Japan has confirmed it wanted fugitive Sea Shepherd leader Paul Watson to be held for questioning before he broke bail in Frankfurt and fled Germany.
The chief cabinet secretary, Osamu Fujimura, said the government was still attempting to determine facts around the flight of Watson, who led his group in eight campaigns against the Japanese whaling fleet in the Antarctic.
Fujimura told reporters in a Tokyo press conference that Japan had been in the early stages of an official approach to Germany over the case of Watson.
"The Japanese government has tentatively submitted a request to incarcerate the individual for further investigation by the Japanese government," Fujimura said through an official interpreter.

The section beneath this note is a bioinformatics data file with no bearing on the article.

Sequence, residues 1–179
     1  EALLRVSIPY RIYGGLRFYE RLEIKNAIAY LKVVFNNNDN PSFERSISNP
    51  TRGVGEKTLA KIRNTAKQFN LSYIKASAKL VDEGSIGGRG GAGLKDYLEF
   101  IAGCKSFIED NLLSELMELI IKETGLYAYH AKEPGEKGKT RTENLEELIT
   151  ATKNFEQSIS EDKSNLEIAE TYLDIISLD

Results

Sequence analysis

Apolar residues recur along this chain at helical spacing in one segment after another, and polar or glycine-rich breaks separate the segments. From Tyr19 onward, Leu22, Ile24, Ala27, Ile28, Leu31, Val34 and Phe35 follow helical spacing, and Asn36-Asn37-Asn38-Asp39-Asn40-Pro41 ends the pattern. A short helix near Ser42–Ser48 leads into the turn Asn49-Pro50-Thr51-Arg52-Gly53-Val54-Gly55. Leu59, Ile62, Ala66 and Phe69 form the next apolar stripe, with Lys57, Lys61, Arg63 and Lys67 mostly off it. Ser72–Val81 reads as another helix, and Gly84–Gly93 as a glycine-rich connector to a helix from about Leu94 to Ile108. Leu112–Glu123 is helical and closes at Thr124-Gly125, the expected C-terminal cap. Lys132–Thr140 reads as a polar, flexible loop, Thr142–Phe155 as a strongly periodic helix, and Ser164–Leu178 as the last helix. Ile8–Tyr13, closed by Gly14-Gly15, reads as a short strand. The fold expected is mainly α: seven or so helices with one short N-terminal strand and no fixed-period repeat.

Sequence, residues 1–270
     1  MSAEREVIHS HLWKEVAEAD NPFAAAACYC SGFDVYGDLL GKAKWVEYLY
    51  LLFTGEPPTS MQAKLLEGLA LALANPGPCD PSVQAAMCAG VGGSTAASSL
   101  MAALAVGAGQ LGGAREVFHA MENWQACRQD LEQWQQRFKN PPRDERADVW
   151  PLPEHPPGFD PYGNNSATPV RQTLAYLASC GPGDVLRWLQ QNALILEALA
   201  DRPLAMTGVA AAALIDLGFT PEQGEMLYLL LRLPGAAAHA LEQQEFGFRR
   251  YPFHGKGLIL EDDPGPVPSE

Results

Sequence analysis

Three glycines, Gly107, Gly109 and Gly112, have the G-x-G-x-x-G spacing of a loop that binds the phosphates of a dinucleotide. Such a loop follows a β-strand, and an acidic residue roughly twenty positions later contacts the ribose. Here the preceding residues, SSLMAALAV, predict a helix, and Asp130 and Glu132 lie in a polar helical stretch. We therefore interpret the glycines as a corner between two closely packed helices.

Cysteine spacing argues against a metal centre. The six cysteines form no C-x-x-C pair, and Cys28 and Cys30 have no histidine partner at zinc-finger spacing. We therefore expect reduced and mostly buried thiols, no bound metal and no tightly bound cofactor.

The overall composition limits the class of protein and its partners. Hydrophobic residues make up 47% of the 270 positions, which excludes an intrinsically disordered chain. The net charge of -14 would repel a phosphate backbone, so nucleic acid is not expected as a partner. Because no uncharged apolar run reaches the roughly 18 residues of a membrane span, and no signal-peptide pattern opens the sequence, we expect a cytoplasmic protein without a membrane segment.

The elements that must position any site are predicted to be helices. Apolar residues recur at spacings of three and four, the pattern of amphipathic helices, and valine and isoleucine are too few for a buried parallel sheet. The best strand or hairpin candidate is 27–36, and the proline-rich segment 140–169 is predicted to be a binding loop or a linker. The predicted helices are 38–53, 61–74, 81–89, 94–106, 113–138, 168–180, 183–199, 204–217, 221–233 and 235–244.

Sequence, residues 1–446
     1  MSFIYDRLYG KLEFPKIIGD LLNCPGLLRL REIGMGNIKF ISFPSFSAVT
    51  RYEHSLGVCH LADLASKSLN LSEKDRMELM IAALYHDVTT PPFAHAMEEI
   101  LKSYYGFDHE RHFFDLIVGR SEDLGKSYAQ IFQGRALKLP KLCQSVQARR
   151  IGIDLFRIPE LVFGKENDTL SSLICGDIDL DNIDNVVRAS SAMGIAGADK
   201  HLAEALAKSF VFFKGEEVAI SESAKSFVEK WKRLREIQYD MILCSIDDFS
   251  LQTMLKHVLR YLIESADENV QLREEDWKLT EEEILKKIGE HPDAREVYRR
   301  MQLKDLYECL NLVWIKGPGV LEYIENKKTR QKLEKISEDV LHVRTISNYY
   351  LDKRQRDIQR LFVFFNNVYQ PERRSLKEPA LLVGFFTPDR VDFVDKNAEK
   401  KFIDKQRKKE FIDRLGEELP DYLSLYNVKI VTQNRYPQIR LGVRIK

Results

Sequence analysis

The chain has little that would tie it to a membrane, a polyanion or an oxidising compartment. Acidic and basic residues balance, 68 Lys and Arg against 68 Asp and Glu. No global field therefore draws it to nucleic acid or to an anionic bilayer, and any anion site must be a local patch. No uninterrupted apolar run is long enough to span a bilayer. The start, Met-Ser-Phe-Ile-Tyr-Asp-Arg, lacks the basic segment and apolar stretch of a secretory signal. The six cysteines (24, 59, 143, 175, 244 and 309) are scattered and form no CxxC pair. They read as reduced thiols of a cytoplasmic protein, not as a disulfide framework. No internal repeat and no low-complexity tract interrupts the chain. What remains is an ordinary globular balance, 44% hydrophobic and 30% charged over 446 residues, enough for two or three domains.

Watson had been detained on €250,000 bail in Germany for 70 days while Costa Rica sought his extradition over an alleged navigation offence that was revived after a decade.
Japanese officials repeatedly described Watson as an eco-terrorist in the escalating Antarctic conflict.
This summer he planned to use a four-ship fleet to shut down the "scientific whaling" operation.
In 2010 Japan sought his inclusion on Interpol's blue notice list, which requested his whereabouts be noted, but did not ask for his arrest.
Watson said before his arrest in Germany that he believed the notice had lapsed.
Following his departure from Germany, for an unknown destination, a Frankfurt court issued a new arrest warrant.
Japan has repeatedly asked Australia to act against Watson and Sea Shepherd, but a series of Australian Federal Police investigations have not resulted in any charge.
- Sydney Morning Herald